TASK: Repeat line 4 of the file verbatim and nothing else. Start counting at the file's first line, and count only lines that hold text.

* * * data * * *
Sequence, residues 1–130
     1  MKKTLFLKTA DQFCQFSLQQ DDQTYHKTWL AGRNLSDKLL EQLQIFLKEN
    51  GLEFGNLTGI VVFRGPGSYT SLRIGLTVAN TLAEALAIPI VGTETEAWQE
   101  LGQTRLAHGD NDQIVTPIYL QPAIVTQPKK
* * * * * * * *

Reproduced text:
   101  LGQTRLAHGD NDQIVTPIYL QPAIVTQPKK